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11th EDF Agreement and IMF Economic Outlook Report

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In spite of the hacking of the Government’s website, whether by ISIS or others unknown, Prime Minister Gonsalves and his government must still feel fairly optimistic with the events of the last week or so, at least where the economy is concerned.{{more}}

There was the signing by the Prime Minister of the 11th EDF Agreement to the tune of EC$21 million, with the European Union, represented by its Ambassador to the Eastern Caribbean Mikael Barfod. The focus of this Agreement, which succeeds the 10th EDF, the focus of which was health, will be on rural infrastructure, roads especially, but not solely. This essential part of our infrastructure has been under much public scrutiny, including in the political sphere, so there is no doubt that the Government must feel relieved to be provided with resources to address this critical need.

The second area of optimism also has political ramifications. It relates to the release by the International Monetary Fund (IMF) of its 2015 Report, specifically the section on “The Regional Economic Outlook for the Western hemisphere”. It is no secret that the economies of almost all of the countries in the Western Hemisphere continue to take a battering, with the tiny vulnerable countries like ours in the Eastern Caribbean under great pressure to generate growth and development.

This has become a battering ram in the political field in the sub-region and government after government have been facing strong criticism from opposition circles over their apparent failure to lead their countries out of the economic woods. The Gonsalves government in particular has been challenged repeatedly by the opposition over the accuracy of its economic reports and forecasts. It has been accused of “wrecking the economy”, an accusation repeated frequently by Opposition spokespersons and supporters on radio and via social media.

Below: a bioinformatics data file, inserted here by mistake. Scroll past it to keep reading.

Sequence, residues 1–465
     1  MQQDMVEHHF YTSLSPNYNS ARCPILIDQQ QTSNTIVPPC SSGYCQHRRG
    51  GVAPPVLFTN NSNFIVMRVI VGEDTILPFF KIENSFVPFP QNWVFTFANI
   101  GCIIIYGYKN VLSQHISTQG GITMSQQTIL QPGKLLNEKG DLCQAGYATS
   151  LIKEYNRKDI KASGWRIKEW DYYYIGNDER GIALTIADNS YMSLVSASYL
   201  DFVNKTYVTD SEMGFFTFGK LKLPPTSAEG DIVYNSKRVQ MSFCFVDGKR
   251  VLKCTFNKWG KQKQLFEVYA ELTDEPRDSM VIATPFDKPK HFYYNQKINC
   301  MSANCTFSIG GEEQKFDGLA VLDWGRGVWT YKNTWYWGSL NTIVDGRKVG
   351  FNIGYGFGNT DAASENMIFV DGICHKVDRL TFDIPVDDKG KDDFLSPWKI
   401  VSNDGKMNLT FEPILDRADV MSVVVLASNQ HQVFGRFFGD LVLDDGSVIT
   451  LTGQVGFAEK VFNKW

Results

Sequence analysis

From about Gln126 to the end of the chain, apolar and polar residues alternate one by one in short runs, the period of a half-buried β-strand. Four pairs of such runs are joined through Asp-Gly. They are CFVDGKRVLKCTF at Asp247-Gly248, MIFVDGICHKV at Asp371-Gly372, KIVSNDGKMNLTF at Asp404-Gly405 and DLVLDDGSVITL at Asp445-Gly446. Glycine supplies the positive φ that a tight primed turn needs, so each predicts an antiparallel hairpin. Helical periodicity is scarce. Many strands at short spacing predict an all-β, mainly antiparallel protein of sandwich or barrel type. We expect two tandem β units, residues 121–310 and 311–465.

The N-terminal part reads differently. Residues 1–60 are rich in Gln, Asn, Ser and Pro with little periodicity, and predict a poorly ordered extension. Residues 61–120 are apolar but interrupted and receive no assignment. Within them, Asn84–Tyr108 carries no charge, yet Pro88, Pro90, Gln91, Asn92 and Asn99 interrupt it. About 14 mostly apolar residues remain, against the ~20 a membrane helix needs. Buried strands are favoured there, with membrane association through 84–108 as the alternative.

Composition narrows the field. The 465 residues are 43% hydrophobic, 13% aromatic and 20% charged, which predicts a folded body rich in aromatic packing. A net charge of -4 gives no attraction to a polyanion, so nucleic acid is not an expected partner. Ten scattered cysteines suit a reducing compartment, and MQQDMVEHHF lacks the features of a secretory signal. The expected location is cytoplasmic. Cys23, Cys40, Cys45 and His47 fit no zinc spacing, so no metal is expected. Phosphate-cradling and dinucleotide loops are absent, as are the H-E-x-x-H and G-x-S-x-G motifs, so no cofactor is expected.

There is no doubt that economically, SVG and the rest of the Caribbean, with very few exceptions, are struggling to stay afloat and concerns about their economic performance are quite in order. However it is difficult to square the dire picture painted with the data from reputable sources, including the Eastern Caribbean Central Bank (ECCB), the World Bank and the IMF.

The IMF Report mentioned above has now given lie to the oft repeated assertion that our country is one of the worst performers in the Eastern Caribbean where economic matters are concerned. In fact, it demonstrates the very opposite, and predicts that while the economic outlook for the region as a whole for the next two years is far from rosy, SVG is expected to be among the better performers in 2015 and 2016.

Thus, according to the IMF, real growth in Gross Domestic Product (GDP) for the entire Latin America and Caribbean region is predicted to be 1.3% in 2014, 0.9% in 2015 and 2.5% in 2016 with the comparable figures for the ECCB countries being 1.7%, 2.0% and 2.1%. The relevant figures for SVG are 1.1% in 2014, 2.1% in 2015 and 3.1% in 2016. Similarly, inflation rates in St Vincent and the Grenadines are predicted to be among the lowest in the area. There is a concern though about high deficits on our current account balances.

The statistics do not indicate that we are sailing smoothly, but that there is need for continued efforts to generate economic activity and provide for the needs of the population. They also certainly do not support the gloom and doom scenario propagated in some circles. Let us not mislead in our critical analyses, but use the facts as they are and search for sustainable solutions to our problems

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